Stealing phones is, thankfully, an increasingly pointless practice, but officials in the US aren’t happy with the procedures put in place at present; essentially they want to eradicate phone theft, which accounts for more than 30% of robberies in major cities.
Said officials will no doubt welcome the news that Android and “Nokia” (er, that’ll be Windows Phone) will introduce remote “kill switch” functionality – baked into the operating systems.
Google says it’ll add a “factory reset protection solution” in the next version of Android, which might well be detailed at Google I/O 2014 next week.
Meanwhile, Microsoft’s Vice President for US Government Affairs, Fred Humphries, says Windows Phone will receive similar functionality in a future update.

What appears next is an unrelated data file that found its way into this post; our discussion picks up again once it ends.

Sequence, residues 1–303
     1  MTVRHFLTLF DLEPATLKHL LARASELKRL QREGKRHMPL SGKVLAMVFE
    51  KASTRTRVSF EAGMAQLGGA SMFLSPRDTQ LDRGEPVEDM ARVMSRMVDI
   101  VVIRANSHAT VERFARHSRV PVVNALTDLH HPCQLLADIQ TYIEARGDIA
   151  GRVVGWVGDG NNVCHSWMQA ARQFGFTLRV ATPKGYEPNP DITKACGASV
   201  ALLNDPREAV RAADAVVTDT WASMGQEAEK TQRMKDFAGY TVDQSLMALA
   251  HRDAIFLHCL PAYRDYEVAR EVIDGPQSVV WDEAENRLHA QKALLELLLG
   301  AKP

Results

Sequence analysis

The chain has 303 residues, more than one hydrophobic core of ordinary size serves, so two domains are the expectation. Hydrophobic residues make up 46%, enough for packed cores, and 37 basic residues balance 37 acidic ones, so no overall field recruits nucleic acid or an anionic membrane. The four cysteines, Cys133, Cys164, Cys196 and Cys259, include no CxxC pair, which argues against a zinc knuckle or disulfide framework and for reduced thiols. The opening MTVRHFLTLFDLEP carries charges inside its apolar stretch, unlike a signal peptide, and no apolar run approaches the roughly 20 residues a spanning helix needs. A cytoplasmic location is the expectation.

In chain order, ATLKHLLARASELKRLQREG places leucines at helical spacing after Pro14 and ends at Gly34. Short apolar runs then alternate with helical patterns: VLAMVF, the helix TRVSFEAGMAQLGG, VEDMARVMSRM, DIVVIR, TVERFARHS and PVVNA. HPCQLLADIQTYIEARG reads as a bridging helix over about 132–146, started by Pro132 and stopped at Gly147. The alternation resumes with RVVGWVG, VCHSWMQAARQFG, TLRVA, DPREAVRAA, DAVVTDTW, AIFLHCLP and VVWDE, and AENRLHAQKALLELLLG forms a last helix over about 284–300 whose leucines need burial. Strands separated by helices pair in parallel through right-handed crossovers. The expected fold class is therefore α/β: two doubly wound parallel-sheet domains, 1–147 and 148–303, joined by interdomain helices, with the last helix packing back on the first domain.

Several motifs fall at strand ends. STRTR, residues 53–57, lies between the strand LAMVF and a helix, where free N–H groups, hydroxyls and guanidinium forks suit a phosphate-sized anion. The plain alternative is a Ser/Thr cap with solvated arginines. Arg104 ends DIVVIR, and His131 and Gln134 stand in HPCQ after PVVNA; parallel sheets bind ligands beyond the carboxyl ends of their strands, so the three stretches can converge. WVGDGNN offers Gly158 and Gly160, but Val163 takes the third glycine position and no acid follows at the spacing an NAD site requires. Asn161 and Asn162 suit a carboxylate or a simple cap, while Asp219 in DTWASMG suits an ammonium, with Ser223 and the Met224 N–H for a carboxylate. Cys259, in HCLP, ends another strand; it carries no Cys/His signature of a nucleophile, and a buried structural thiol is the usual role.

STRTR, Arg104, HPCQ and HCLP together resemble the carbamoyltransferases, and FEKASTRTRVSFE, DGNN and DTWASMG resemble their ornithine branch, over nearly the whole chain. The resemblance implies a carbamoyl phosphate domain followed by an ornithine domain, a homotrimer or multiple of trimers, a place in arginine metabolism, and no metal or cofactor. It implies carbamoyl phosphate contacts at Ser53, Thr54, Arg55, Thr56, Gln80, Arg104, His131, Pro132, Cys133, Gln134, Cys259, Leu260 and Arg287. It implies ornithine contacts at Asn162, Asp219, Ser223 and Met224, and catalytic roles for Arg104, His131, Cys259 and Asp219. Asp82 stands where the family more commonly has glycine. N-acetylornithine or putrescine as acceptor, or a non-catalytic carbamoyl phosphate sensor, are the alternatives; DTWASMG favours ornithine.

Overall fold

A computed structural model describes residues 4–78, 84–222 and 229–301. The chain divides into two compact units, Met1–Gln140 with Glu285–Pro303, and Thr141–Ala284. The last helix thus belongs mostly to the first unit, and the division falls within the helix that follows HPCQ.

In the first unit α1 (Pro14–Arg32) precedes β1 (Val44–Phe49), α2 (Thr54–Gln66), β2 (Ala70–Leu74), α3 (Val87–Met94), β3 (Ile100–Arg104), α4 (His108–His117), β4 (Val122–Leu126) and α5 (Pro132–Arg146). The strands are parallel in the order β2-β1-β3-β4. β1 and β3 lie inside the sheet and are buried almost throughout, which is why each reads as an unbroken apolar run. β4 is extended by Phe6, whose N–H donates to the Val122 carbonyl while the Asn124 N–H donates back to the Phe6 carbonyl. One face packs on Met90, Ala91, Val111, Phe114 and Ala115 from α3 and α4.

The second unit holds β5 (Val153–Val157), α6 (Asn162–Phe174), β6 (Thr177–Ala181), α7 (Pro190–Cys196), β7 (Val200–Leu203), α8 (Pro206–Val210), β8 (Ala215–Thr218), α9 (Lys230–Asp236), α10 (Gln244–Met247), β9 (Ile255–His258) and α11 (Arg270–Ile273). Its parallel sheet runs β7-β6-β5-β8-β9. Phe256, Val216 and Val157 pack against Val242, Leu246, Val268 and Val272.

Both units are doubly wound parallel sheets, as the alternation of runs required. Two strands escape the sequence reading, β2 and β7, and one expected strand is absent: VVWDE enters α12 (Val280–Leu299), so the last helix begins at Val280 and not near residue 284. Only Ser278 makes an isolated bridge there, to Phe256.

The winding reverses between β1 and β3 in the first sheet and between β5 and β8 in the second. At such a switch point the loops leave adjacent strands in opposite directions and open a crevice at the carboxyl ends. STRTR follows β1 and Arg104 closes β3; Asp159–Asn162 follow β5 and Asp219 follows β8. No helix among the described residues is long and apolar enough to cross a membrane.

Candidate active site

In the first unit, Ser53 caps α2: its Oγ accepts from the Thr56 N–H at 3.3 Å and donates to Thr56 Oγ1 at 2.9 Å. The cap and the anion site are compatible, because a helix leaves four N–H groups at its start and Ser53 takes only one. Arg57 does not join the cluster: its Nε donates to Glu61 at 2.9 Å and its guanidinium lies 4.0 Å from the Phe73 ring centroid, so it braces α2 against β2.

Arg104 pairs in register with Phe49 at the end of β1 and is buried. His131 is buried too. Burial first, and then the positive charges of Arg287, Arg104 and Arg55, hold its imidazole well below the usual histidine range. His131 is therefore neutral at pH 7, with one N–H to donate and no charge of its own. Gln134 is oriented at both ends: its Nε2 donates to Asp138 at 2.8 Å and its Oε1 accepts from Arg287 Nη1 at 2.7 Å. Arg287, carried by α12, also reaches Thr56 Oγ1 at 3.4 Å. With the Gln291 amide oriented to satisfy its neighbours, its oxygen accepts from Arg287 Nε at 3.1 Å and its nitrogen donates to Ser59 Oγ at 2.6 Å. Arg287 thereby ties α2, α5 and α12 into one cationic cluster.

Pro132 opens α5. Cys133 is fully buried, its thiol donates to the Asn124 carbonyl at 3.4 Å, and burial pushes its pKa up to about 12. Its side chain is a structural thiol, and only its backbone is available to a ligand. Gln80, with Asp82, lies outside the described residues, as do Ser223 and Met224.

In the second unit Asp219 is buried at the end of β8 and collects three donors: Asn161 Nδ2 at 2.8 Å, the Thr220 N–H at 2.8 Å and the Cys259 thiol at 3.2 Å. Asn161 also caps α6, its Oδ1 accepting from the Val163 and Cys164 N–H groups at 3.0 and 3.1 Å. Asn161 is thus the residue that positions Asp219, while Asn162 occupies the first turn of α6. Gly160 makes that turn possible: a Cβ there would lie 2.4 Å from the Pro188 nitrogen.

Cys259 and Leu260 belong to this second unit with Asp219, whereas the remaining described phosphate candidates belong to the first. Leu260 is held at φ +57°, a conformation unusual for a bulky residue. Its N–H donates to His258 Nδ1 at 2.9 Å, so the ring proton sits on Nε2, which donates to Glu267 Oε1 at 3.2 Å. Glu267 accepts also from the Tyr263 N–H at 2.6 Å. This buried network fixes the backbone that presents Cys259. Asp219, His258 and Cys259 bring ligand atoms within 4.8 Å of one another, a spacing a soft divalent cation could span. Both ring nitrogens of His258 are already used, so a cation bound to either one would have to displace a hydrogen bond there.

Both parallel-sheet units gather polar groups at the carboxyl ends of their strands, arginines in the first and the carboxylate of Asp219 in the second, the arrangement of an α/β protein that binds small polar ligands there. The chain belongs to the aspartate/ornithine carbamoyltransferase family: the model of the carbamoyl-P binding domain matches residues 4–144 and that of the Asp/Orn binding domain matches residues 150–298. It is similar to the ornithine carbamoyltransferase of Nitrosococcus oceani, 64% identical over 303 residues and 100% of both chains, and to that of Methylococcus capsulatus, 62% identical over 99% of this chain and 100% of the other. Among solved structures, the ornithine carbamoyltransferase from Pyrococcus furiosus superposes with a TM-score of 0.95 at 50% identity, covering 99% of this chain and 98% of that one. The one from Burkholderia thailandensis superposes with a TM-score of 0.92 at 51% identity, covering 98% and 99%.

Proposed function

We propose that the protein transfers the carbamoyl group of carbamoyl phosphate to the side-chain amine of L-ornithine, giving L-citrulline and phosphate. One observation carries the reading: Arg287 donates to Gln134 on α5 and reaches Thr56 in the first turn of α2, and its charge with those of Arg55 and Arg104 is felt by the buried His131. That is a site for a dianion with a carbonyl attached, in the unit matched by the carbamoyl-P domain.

In this blog post, Humphries says Find My Phone will be extended to include functionality to a) remotely erase data, b) render the smartphone inoperable (with the exception of 911 calls), c) prevent reactivation by anyone other than the authorised user, and d) reverse inoperability and restore data via the cloud - in the event that the phone is recovered by its owner.
New York Attorney General Eric Schneiderman has previously described the problem as an “epidemic”, and added this week: “Today, the smartphone industry acknowledges that its wonderful products have been driving an international crime wave. That change in attitude has opened the door to great possibilities.” I love this guy.
Meanwhile, on the opposite coast, San Francisco District Attorney George Gascon welcomes the notion of the “kill switch” being included and activated by default, suggesting that, at present, “you have to go on a scavenger hunt and figure out how to turn the technology on.”
Federal Communications Commission Chairman Tom Wheeler concurs, calling for “an automatic, common solution.”
Sounds like they’ll get their collective wish before long.